Thoughts on Recruitment in the Choral Classroom

Each year, I hear chorus teachers lament that students are not signing up to join chorus during the school day. Many students experience chorus in elementary school, and are ready to try something new in middle school. Students are excited by new classes available to them, such as S.T.E.M, dance, computers, art, band, drama, and other attractive options. The question remains: How can we make chorus shiny and new once again?

Recruitment has become a main focus for me the past few years. As a middle school choral teacher who works in a school with many talent options, I find that students are interested in trying something new in grade six. A few months into the school year, students come and find me to ask a simple question, “I changed my mind, can I join chorus?” They have heard from their friends that chorus is fun, and they want to join. Since we encourage students to stay in the same program, the answer to this question typically does not go in the student’s favor.

In order to prevent this issue, I have been working to meet students before they get to our school and choose a talent. I have started going to our feeder elementary schools and teaching an engaging music lesson. I also make sure

to attend our summer orientation so I can “sell” myself and our program. I do my best to be fun, nice, encouraging, and convincing. I truly believe that recruitment is all about being a salesperson. We have to do our best to make our program and ourselves enticing.

In order to do this, I do my best to speak to each student personally. This can be something as simple as “I really like your hair, do you enjoy singing?” Adolescent students love compliments. They can disarm students and make them open to the discussion about joining chorus. Once students become interested in the teacher, somehow what they teach is not as important as the teacher’s personality. I often hear my students say “I don’t love singing, but I really like Ms. Shikowitz”. I truly do not care why my students chose to take chorus. Maybe it is because I told them they have cool shoes. However, once they are in my classroom, I can show them why music is so important and fun.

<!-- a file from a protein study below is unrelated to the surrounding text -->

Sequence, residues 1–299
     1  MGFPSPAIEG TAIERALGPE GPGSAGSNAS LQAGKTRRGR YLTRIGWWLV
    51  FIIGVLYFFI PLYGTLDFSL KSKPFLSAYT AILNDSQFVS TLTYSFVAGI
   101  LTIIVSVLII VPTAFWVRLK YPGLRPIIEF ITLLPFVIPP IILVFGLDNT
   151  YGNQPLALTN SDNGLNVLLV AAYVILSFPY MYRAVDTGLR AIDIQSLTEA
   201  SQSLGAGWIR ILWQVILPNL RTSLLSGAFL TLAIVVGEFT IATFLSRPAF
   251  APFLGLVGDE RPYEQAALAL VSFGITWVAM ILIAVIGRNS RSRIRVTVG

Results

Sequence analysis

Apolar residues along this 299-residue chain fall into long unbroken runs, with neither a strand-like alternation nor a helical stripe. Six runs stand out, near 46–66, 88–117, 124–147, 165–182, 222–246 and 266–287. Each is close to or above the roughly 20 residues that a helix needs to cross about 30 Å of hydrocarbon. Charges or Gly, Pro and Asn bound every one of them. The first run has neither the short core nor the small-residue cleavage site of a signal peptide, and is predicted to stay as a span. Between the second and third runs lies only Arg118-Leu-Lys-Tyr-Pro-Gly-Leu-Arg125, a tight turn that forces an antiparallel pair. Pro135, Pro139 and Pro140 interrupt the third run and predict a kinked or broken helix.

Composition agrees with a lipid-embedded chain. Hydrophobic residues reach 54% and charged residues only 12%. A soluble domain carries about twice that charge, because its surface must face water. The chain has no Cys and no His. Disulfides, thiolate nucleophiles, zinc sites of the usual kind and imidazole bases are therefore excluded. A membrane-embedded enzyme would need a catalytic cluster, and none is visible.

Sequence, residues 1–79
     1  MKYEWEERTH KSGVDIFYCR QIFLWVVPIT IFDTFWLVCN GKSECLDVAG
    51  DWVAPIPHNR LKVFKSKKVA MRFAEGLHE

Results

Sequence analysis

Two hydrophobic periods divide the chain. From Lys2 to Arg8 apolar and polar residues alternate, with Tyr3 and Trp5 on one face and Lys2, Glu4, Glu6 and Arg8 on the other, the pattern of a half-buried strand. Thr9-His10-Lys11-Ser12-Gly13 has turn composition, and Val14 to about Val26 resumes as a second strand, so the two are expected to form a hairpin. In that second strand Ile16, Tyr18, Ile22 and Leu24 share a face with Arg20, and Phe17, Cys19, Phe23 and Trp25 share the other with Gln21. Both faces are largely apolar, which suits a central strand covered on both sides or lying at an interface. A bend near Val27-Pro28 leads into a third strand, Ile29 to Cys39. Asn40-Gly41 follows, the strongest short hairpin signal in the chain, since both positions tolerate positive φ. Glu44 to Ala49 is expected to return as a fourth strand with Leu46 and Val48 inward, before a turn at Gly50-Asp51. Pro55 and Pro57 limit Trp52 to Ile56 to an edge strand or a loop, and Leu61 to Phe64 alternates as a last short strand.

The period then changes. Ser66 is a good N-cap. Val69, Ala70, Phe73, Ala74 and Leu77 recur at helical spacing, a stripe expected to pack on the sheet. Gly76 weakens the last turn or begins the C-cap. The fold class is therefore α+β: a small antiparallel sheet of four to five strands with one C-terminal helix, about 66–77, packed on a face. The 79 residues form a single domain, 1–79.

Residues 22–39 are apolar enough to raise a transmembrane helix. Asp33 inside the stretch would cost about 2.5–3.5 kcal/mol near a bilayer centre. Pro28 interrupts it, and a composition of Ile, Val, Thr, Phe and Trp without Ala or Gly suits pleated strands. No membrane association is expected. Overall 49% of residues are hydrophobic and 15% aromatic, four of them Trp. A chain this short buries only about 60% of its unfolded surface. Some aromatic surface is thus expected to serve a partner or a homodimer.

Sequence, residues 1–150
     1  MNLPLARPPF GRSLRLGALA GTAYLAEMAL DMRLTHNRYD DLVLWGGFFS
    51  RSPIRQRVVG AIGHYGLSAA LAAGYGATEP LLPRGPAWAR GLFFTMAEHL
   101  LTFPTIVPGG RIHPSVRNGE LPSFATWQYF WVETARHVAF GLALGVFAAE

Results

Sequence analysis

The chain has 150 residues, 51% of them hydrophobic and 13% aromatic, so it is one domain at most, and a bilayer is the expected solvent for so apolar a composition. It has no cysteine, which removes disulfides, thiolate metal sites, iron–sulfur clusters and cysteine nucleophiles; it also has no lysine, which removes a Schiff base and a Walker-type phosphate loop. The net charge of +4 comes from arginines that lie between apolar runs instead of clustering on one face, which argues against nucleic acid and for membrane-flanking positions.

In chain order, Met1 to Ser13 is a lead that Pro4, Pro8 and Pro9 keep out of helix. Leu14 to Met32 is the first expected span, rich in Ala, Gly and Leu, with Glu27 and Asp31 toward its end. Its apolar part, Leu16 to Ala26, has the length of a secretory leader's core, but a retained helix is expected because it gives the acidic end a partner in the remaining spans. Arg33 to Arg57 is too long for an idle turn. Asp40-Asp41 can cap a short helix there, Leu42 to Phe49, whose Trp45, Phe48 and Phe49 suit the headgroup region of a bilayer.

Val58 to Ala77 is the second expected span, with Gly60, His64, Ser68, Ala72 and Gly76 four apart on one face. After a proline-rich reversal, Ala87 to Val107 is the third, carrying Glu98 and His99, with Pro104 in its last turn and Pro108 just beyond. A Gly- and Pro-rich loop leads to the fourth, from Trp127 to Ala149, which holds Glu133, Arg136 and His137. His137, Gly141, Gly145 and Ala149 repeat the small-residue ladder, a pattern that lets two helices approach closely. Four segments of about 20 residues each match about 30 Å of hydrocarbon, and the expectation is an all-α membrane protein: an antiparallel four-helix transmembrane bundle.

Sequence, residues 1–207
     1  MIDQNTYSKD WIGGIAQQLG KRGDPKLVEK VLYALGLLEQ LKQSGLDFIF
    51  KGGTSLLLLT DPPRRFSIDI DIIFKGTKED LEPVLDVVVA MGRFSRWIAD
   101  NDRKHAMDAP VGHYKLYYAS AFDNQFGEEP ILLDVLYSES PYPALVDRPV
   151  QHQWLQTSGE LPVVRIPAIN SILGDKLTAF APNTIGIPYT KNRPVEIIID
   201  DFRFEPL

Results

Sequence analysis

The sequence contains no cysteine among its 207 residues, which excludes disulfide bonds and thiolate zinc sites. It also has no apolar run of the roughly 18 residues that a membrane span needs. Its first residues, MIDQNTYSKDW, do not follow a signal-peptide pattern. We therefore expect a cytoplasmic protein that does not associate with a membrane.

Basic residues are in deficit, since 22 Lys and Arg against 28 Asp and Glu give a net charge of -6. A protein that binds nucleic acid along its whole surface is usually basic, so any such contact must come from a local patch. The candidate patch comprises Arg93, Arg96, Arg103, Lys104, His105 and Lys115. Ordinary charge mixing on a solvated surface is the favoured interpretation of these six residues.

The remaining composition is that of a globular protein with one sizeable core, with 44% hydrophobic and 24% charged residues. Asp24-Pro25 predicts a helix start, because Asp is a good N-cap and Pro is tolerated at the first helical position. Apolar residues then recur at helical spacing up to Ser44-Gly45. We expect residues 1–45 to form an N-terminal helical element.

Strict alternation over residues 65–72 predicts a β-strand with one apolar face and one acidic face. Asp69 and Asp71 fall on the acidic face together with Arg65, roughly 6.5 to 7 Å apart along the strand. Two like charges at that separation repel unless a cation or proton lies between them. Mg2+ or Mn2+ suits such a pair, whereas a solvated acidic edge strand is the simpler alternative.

Another recruitment technique I use is to create a sense of family and tradition in the choral program. I meet and become friendly with younger siblings at our school concerts and parent teacher conferences. I begin building a relationship with these children while they are in elementary school. This way, they are familiar with me and feel a connection with the choral program. At each concert, I ask them “How much longer until you come to chorus and get to be on stage?” I want the little ones to look up to their siblings as they sing, and dream about the day that they are in their own performance.

At our concerts, we have an alumni song. The final song is one where graduates can come up and perform with us. This keeps a sense of tradition and family among the choral students. Older students love to come back and reminisce about their time in middle school, and their little brothers and sisters want to join the family feel. The alumni song was purposefully implemented. When new sixth graders come to our school, they are already familiar with two songs, and cannot wait to show off to the other students that they know the pieces.

I apply the same concept to vocalizes and warm up songs. I teach short songs by rote as part of our Friday warm ups. I encourage the students to go home and teach the songs to their siblings. When this happens, not only are the siblings bonding over music making, the little ones are being recruited by their brother and/or sister. New students love when they already know a warm up or song taught by rote. They already feel part of the chorus community, and will be more likely to sign up for chorus.

Parents cannot be overlooked as a source of recruitment. When children are happy, their parents are happy. In my lessons, I always make sure to ask my students what they can share with their parents about the music we made in class. When chorus class is spoken about excitedly around the dinner table, or in the car ride home, our students let their parents know that our class is fun and worthwhile. In our social media driven society, parents speak to each other via parent groups about which classes are worthwhile. Creating a “buzz” about you and your program is essential to recruitment.

Another way to create a choral family is to implement an intergenerational choir. I started an intergenerational choir four years ago, and it is by far my favorite part of my job. It meets every other week from 5:00-6:00 PM, and includes parents, teachers, students, alumni, other family members, and whoever else would like to join. We even had students from neighboring schools come and sing with us. Some parents come on their own, without their child. They enjoy music making on their own, and it is their relaxation time. Many families love the opportunity to spend time with their child in an educational setting, rather than in front of a screen. This group is essential to my classroom culture, and is something that bonds people together.

Lastly, keep these questions in mind when recruiting: How were you recruited into the music classroom, and why did you decide to stick with it? What is it that you remember about your favorite teacher? How can we embody those qualities in our own teaching?

Sara Shikowitz is the choral director at Stephen A. Halsey Junior High School 157 in Rego Park, Queens. Her program serves over 300 students that are involved in numerous choral activities, including Show Choir, Intergenerational Choir, sixth grade chorus, seventh and eighth grade chorus and Select Chorus who earned a "gold with distinction rating" at NYSSMA for the past three years. She teaches music education courses at Queens College, where she received her Master's degree.